TOKYO and BURBANK—Jul 12, 2006
Paramount Pictures Corporation Joins Third Phase of '4K Pure Cinema' - World's First Networked 4K Digital Cinema Joint Field Trial, Which Has Now Been Extended Through 2006
'Mission Impossible III (M:i:III)' to be Distributed Over Fiber-Optic Network and Exhibited in '4K Pure Cinema' in Japan
New Toho Theater Capable of '4K Pure Cinema' Exhibition Opens on September 22nd in Osaka
4K Pure Cinema," the world's first field test to use the Digital Cinema Initiatives (DCI) Digital Cinema System Specifications at the highest quality standard of 4K to test the service model of digital cinema distribution and exhibition of feature-length motion pictures has announced another expansion. Paramount Pictures, a major Hollywood studio, assisted by its local distribution affiliate United International Pictures (Far East), will join current field trial participants Warner Bros. Entertainment Inc., Warner Entertainment Japan Inc., Sony Pictures Entertainment Inc., Sony Pictures Entertainment Japan Inc., Toho Co., Ltd., Warner Mycal Corporation, Nippon Telegraph and Telephone Corporation, Nippon Telegraph and Telephone East Corporation and Nippon Telegraph and Telephone West Corporation.
The first public showing as part of this expanded field trial will start Saturday, July 8, 2006, when "Mission Impossible III (M:i:III)" by Paramount Pictures opens in Japan, with a digital release at "4K Pure Cinema" quality in Warner Mycal Cinemas and TOHO CINEMAS in the Tokyo and Osaka regions. M:i:III, which originated in the 2K format, will be up-converted to 4K resolution in real time as part of the DCI-compliant digital cinema playback process.
Toho Co., Ltd. has also announced that a new Toho theater capable of "4K Pure Cinema" exhibition will open in Osaka on September 22nd increasing the total number of screens showing 4K quality content. To take advantage of new participants joining and a new theater opening, the field trial will be extended until the end of the year 2006 to further evaluate interoperability of Digital Cinema Package (DCP) produced by various distributors.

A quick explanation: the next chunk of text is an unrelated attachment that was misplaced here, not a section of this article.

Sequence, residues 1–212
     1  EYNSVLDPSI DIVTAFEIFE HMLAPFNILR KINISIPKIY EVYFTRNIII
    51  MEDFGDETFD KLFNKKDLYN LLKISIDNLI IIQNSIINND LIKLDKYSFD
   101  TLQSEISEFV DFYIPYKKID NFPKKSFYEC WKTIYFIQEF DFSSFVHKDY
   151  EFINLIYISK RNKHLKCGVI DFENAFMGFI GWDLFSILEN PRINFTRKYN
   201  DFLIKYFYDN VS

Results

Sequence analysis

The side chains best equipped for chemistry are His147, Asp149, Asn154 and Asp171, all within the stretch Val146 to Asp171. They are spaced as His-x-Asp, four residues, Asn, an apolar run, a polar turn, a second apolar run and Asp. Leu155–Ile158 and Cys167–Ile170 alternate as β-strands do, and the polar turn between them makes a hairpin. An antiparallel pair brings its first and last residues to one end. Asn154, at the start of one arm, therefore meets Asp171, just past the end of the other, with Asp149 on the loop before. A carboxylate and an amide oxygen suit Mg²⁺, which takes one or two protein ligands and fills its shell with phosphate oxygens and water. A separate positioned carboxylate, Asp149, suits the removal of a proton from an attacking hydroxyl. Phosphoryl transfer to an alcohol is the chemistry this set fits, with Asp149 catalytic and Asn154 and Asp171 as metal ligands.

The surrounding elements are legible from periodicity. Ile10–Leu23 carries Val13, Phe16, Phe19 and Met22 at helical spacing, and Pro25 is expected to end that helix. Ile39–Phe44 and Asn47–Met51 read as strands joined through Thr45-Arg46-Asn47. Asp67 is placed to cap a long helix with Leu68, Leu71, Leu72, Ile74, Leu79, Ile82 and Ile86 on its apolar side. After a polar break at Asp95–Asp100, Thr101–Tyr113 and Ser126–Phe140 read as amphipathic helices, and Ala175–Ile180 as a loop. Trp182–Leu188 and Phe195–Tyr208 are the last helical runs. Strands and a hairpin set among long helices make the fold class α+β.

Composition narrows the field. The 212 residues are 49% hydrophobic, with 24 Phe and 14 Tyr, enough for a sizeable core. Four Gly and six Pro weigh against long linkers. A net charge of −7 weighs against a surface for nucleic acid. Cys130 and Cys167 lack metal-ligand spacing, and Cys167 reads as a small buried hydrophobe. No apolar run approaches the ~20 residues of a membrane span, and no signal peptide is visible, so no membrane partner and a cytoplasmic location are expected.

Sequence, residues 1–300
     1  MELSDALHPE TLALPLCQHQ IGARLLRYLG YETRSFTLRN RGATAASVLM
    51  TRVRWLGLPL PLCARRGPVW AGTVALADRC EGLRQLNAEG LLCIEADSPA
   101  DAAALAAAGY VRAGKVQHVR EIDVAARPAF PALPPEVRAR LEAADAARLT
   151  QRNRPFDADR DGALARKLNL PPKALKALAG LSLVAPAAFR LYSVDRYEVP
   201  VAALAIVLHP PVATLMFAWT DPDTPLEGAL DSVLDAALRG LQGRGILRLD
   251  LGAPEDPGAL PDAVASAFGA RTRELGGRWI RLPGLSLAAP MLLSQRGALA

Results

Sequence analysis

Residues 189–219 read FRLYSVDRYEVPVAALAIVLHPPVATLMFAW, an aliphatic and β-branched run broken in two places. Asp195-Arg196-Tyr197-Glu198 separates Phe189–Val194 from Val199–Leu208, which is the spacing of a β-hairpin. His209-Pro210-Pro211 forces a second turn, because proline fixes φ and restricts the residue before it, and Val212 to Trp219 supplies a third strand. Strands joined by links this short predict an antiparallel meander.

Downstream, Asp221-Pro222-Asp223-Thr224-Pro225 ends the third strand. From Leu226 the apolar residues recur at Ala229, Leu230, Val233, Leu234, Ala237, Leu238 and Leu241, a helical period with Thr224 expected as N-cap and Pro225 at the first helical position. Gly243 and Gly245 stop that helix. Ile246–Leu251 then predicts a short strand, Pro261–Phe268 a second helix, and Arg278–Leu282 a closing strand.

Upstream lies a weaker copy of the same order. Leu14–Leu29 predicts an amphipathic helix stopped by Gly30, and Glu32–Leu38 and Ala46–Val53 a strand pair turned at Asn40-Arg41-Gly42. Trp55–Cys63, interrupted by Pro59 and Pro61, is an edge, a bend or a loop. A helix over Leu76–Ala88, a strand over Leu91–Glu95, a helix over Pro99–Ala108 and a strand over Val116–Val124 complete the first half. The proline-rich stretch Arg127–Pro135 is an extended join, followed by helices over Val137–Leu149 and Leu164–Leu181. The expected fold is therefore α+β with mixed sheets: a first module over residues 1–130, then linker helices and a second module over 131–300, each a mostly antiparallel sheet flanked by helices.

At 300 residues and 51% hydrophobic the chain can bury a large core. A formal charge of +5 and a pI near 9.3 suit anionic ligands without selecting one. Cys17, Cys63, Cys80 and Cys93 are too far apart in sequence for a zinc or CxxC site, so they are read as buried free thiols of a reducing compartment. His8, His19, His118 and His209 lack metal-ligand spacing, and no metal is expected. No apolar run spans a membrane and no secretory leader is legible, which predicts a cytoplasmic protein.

This expansion marks a further step forward toward the rollout of digital cinema in Japan. The field trial will continue to provide Hollywood's newest feature movies at the highest quality standard of 4K, comparable to a professional 35mm film "answer print" and superior in many ways to traditional film "release prints" typically shown in local cinema theaters. Subsequent digital cinema releases scheduled as part of the field trials through the summer of 2006 will be announced shortly.
The first and second phases of the "4K Pure Cinema" joint field trial have included the films "Tim Burton's Corpse Bride," "Harry Potter and the Goblet of Fire," "V for Vendetta," "The Da Vinci Code" and "Poseidon," all in the DCI specified 4K format. The field trial participants have received many positive comments from movie-goers mentioning the superb quality of the 4K digital images and the uncompressed multi-channel digital sound, as well as the clarity and stability of the Japanese language subtitles, which made them easier to read.
A fiber-optic testbed has been configured to send DCI-compliant digital cinema packages (DCP) containing feature-length motion pictures from California to distribution servers at NTT's Yokosuka R&D Center, NTT West's Osaka Data Center, and NTT East's Tokyo Data Center. The encrypted DCP's received from Paramount, Sony Pictures Entertainment and Warner Bros. will be distributed via NTT's domestic fiber optic networks to Warner Mycal Cinemas Itabashi, TOHO CINEMAS Roppongi Hills, CINEMA MEDIAGE, TOHO CINEMAS Takatsuki and TOHO CINEMAS Namba where secure 4K digital cinema playback systems provided by NTT will be used to screen feature movies on a regular schedule for paying customers using Sony SXRD 4K projectors.
This field trial is designed to allow the participants to evaluate digital distribution and digital exhibition from various perspectives including image quality, viewer response, operational efficiency, security and reporting, network performance and reliability, and the costs related to both network distribution and theater management. The field trial will implement the DCI specifications for both the 4K format of 4,096 by 2,160 pixels (total resolution of more than eight million pixels) and the 2K format at 2,048 by 1,080 pixels (total resolution of more than two million pixels).
The 11 companies participating in these expanded field trials share a common conviction that the introduction of digital cinema has the potential for providing real benefits to theatre audiences, theatre owners, filmmakers and distributors. They also recognize that the potential benefits of digital cinema cannot be fully realized without industry-wide standards supporting interoperability and compatibility around the world, as detailed in the Digital Cinema Initiatives Specification that establishes and documents voluntary specifications for an open architecture for digital cinema that ensures a uniform and high level of technical performance, reliability and quality control. The new participants provide distribution management and supply of D-Cinema content in accordance with DCI specifications.